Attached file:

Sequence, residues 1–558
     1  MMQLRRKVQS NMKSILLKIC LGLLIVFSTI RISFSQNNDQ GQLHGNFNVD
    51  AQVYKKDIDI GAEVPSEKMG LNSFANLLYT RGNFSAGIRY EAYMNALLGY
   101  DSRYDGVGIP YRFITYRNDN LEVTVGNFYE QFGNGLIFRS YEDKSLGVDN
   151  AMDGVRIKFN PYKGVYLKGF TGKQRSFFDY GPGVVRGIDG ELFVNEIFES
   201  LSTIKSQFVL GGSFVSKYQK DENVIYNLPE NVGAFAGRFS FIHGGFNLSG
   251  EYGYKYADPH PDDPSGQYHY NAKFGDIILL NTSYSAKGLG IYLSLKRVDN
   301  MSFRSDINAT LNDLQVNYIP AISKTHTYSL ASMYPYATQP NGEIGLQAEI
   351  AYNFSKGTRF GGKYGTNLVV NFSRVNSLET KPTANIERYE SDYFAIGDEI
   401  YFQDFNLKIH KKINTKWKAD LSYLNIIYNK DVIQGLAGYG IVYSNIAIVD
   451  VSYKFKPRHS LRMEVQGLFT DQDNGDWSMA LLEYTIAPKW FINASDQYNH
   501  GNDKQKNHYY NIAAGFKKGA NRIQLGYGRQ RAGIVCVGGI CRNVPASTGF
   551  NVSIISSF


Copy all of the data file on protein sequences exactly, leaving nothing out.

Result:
Sequence, residues 1–558
     1  MMQLRRKVQS NMKSILLKIC LGLLIVFSTI RISFSQNNDQ GQLHGNFNVD
    51  AQVYKKDIDI GAEVPSEKMG LNSFANLLYT RGNFSAGIRY EAYMNALLGY
   101  DSRYDGVGIP YRFITYRNDN LEVTVGNFYE QFGNGLIFRS YEDKSLGVDN
   151  AMDGVRIKFN PYKGVYLKGF TGKQRSFFDY GPGVVRGIDG ELFVNEIFES
   201  LSTIKSQFVL GGSFVSKYQK DENVIYNLPE NVGAFAGRFS FIHGGFNLSG
   251  EYGYKYADPH PDDPSGQYHY NAKFGDIILL NTSYSAKGLG IYLSLKRVDN
   301  MSFRSDINAT LNDLQVNYIP AISKTHTYSL ASMYPYATQP NGEIGLQAEI
   351  AYNFSKGTRF GGKYGTNLVV NFSRVNSLET KPTANIERYE SDYFAIGDEI
   401  YFQDFNLKIH KKINTKWKAD LSYLNIIYNK DVIQGLAGYG IVYSNIAIVD
   451  VSYKFKPRHS LRMEVQGLFT DQDNGDWSMA LLEYTIAPKW FINASDQYNH
   501  GNDKQKNHYY NIAAGFKKGA NRIQLGYGRQ RAGIVCVGGI CRNVPASTGF
   551  NVSIISSF